Prove your worth…by Accountancy Ireland & Barden (Career Guide 2017)
Whether you’re closing the deal on a new role or in a role with no intention to move, salary negotiations should be on the table. We help you overcome the taboo around salary negotiations and put your best foot forward.
Let’s get one thing straight – you’re expected to negotiate your salary whether you’re in a job or applying for a new job. Sitting back and accepting what’s coming isn’t the mark of a great leader. As an accounting professional, you negotiate proactively every day, whether it’s direct negotiation on numeric matters or indirect negotiation where you seek to influence and persuade the people you work with on important issues. If you can’t negotiate with confidence on something as personally important as salary, you’re possibly in the wrong job! That’s not to say you have to be needlessly combative but when discussing salary, you must be prepared to approach it like a business conversation – without emotion, with a well-reasoned request, an understanding of your ‘walk-away’ point and a really solid business case to support you.
Look objectively at performance data
20% salary increase if you know the company is really struggling. Likewise, you can’t ask for a meaningful pay rise if your performance has been poor. You must consider all factors, from company performance to your individual performance. Also, consider what’s contained in your contract about remuneration increases before knocking on anyone’s door. Equipped with this information, you’ll find it easier to refute lazy objections to considering a salary increase once the conversation is opened. The old chestnut of the ongoing ripple effects of the global financial crisis is harder to accept when you know that the company’s earnings before interest, taxes, depreciation and amortisation (EBIDTA) increased by over 17% in the last two years.
Identify your market worth
This may sound obvious, but if you don’t know what people of your experience are worth in the jobs market, you can’t negotiate properly. Don’t rely on last year’s information either; salaries have changed a good deal in the last 12 months, so talk to an expert – you may be overdue a pay rise. Once you know what to expect, you must be clear on what you’re asking for. Thinly disguised requests for a rise won’t be taken seriously, nor will unrealistic requests. If you’re in a job, there are other things to consider of course – most critically, alignment with peers and formal processes regarding salary reviews. The important thing to remember is that you must begin the conversation from a clearly defined starting point. The rest is compromise and skilful negotiation.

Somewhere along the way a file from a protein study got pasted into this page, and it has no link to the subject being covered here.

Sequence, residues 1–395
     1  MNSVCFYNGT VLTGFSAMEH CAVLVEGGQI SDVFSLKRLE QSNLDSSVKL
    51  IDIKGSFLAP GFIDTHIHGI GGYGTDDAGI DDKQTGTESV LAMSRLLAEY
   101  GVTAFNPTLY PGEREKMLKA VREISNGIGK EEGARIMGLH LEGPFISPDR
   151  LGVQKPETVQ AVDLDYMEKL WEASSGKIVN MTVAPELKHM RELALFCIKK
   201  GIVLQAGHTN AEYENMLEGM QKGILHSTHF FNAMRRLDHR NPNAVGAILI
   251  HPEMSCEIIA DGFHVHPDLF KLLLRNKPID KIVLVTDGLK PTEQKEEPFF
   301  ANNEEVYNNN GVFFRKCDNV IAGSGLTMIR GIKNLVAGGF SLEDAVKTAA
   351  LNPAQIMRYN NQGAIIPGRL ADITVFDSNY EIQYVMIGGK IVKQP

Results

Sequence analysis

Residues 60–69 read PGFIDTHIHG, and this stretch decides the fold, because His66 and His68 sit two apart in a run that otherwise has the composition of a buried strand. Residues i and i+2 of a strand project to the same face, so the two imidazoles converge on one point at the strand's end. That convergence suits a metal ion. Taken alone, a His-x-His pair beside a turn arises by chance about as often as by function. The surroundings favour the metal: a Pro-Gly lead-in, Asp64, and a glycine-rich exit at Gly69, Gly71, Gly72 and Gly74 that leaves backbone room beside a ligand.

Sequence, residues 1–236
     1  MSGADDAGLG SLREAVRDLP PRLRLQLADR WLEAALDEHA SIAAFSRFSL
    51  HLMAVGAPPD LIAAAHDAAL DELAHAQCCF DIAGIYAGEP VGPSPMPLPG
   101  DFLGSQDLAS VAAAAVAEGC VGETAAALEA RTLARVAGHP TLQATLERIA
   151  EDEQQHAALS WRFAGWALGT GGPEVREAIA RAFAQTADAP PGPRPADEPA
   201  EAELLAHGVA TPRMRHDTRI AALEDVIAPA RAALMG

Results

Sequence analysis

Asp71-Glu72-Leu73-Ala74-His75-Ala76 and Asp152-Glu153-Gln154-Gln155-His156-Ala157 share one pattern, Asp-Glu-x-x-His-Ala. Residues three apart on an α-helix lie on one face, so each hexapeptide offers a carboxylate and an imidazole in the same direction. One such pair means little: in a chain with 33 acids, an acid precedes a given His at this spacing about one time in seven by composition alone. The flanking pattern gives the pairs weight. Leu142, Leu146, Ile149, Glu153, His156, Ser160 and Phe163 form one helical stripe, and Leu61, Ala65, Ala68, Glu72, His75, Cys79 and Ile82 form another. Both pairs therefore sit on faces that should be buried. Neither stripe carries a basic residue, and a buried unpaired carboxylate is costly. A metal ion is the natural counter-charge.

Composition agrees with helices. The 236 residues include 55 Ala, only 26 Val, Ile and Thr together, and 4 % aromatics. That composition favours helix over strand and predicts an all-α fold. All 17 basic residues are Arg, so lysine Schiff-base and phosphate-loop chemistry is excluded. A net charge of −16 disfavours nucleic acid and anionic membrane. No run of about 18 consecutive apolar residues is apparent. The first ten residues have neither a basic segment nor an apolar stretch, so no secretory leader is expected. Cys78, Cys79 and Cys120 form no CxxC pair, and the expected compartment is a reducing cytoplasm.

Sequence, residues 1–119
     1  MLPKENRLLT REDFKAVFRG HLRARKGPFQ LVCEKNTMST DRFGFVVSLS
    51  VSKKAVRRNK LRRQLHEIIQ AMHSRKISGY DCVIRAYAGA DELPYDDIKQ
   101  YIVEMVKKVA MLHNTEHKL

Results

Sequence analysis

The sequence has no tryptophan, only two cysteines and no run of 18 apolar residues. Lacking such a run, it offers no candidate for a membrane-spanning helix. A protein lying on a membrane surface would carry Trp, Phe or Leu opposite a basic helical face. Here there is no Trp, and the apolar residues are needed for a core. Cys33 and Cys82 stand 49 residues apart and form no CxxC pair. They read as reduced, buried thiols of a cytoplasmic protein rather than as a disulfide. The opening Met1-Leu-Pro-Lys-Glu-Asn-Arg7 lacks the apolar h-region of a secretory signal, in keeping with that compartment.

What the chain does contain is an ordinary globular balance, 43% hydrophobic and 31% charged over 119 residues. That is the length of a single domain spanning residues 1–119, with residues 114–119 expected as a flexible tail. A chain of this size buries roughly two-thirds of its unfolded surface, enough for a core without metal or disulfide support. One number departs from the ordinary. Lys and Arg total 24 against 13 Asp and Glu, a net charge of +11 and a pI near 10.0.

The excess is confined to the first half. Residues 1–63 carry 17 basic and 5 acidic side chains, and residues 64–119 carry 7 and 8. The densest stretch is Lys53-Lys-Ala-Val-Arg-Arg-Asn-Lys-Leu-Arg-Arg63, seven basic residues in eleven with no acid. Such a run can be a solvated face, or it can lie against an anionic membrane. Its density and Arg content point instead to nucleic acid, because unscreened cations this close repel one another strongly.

Prepare a business case
Most salary negotiations happen at review time, so you will most likely have an appraisal document and set of results to back-up your salary increase request. Use this appraisal information effectively – identify where you’ve added the most monetary value over the last 12 months and use that as your core argument. Examples could be: growing the team (and your role remit) to provide an integrated business partnering service, which has contributed to a 20% improvement in gross profit; or leadership of an outsourcing initiative that will deliver a 15% reduction in administrative costs. Your value must be linked to a quantifiable monetary outcome. You’re asking for money, so you must prove your worth.
Above all, the most important thing is to prevent emotion from playing a part in the process. Salary is important personally – it’s a marker that determines your “value” to your employer and to your social world, so it’s natural to feel heightened responses to arguments that haven’t gone your way. Preventing conversations getting heated, sour, or worse – buried – is important, so separate the connection between you and the money and treat it like any other part of your role as a finance leader, negotiator, influencer and communicator. If anything, it’s an opportunity to show your superiors your professional self at its very best.
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